New radar towers track space weather from Clyde River
University of Saskatchewan project will focus on northern lights
The rain didn’t bother a group of Clyde River residents who came out earlier this month to learn more about the new radar towers set up near that community’s airport.
There, University of Saskatchewan researchers have set up an array of radar towers, part of an international effort to study “space weather” — that is, the changing atmospheric conditions, which particularly affect astronauts and satellites in space.
The data gathered by the radar towers will increase understanding of the northern lights and other types of dangerous electric currents produced in space, said engineer Jan Wiid as he led people through a tour of the towers, which were installed over the summer by an engineering and technical team.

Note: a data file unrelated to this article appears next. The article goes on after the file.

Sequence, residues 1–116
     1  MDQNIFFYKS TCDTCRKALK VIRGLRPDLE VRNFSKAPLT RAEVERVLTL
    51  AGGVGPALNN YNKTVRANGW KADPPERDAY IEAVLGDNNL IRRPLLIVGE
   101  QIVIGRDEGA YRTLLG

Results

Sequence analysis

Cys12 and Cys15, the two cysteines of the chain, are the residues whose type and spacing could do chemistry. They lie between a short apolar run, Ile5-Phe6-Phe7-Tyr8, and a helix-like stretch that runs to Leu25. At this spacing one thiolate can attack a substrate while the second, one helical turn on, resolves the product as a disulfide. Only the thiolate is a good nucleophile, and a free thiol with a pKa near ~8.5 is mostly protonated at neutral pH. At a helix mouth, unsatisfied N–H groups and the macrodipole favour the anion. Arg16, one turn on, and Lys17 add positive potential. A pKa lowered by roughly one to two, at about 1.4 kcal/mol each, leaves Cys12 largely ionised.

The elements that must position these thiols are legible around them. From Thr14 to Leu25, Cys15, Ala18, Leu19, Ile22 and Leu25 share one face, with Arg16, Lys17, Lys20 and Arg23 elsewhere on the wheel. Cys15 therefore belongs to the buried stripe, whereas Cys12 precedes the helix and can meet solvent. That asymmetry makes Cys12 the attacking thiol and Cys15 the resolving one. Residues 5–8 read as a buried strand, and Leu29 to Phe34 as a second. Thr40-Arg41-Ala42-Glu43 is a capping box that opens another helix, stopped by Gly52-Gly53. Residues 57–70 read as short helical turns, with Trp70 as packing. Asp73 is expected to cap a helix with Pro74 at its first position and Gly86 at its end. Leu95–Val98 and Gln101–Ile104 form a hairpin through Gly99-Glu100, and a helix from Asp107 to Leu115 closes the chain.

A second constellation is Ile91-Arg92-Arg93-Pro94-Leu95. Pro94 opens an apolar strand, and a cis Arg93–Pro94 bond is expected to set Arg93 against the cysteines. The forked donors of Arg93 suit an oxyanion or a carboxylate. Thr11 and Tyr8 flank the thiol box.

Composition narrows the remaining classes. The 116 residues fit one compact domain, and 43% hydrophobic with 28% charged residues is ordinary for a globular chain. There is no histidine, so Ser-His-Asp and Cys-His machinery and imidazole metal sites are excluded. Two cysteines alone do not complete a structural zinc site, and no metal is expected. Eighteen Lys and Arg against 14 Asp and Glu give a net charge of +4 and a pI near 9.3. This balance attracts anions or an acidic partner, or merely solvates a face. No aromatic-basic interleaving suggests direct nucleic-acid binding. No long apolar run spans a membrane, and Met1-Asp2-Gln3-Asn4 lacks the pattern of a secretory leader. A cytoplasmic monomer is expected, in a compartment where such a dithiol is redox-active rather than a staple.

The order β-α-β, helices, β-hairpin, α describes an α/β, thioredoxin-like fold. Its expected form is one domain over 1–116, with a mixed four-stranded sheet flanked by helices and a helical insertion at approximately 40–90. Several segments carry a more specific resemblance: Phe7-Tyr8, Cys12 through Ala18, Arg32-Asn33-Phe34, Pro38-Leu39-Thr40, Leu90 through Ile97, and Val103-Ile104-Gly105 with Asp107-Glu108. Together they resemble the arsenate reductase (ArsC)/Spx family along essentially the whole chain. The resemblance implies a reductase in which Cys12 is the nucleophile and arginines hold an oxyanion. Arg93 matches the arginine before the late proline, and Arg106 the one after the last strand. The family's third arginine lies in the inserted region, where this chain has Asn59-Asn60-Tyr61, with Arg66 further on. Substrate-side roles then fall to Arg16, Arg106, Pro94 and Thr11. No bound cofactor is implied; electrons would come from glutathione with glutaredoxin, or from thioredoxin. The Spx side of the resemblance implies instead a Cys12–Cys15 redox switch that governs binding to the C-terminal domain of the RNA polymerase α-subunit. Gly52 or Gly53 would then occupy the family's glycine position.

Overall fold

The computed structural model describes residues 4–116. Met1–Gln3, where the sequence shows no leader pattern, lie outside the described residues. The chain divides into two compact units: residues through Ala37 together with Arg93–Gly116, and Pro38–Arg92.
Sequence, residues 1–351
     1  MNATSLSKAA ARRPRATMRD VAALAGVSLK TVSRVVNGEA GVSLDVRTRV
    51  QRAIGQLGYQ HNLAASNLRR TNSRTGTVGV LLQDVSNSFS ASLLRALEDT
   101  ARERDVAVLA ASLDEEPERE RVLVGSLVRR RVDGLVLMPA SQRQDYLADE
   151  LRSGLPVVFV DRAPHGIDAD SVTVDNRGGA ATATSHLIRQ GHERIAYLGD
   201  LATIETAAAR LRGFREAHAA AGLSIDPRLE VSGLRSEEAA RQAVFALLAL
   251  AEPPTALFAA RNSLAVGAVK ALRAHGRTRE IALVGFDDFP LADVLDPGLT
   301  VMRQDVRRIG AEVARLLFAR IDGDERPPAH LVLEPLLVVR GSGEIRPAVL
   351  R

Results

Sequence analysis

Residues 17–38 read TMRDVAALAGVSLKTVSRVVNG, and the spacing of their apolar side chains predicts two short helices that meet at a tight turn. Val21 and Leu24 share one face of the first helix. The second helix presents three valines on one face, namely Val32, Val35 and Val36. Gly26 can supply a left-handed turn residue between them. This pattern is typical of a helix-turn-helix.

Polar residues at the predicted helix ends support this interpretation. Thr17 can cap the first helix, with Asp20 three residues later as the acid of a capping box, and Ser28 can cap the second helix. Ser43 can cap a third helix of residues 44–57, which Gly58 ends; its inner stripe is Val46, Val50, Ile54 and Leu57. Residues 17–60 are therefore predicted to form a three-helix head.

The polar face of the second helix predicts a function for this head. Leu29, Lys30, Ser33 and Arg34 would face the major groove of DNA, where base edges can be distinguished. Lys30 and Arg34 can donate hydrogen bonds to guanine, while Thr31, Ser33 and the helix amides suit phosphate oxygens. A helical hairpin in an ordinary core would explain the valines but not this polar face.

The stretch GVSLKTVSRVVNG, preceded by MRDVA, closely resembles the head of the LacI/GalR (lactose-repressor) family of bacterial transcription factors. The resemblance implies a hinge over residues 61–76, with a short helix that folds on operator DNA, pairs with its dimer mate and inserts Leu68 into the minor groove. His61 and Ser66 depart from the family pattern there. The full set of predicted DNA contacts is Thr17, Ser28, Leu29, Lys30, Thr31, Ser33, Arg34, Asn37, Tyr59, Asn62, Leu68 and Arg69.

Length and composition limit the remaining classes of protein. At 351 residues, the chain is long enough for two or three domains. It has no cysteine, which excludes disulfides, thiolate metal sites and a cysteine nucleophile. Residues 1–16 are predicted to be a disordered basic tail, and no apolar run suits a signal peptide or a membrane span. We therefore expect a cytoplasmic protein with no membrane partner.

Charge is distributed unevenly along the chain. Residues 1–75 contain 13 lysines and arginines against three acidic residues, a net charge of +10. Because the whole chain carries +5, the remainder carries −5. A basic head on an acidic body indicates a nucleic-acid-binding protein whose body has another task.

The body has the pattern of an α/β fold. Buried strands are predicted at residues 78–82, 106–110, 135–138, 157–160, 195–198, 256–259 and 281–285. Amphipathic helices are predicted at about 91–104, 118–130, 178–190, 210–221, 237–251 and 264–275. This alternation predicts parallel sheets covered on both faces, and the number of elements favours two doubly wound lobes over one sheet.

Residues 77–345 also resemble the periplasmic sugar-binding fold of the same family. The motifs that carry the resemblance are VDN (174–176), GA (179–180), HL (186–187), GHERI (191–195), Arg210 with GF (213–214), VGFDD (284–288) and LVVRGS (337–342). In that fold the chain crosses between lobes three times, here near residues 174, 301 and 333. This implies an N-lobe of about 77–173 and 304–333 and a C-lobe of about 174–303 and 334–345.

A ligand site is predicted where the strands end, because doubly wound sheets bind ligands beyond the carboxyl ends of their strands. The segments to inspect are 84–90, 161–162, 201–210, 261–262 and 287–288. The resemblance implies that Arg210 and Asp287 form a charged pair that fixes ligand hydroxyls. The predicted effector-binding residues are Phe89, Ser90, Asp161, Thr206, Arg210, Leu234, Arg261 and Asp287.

The towers track the movement of electrically-charged particles, which can knock out electric power grids, destroy communications signals, such as the Internet, radio and television, affect GPS positioning and increase radiation dosage to airline pilots and passengers.
Last March, a powerful solar storm of magnetically-charged particles, did not disrupt power grids or satellite communications as some feared.
During the tour of the new towers in Clyde River, Wiid explained how these towers use radar to measure particles in space.
Those on the tour also learned how the towers were constructed and took a peek at the computer equipment stored in a nearby sea container.
The project, known as PolarDARN (Dual Auroral Radar Network), will operate in Clyde River for at least 10 years.
The Clyde River station is linked to similar stations in Inuvik and Rankin Inlet, and to other radar installations in Resolute Bay and around the world.
PolarDARN plans to work with the Ittaq Heritage and Research Centre in Clyde River and exchange knowledge with elders about northern lights.
At least one Clyde River resident will also help to monitor the site and assist with maintenance.
Data from the site is available online.
with files from Shari Gearheard in Clyde River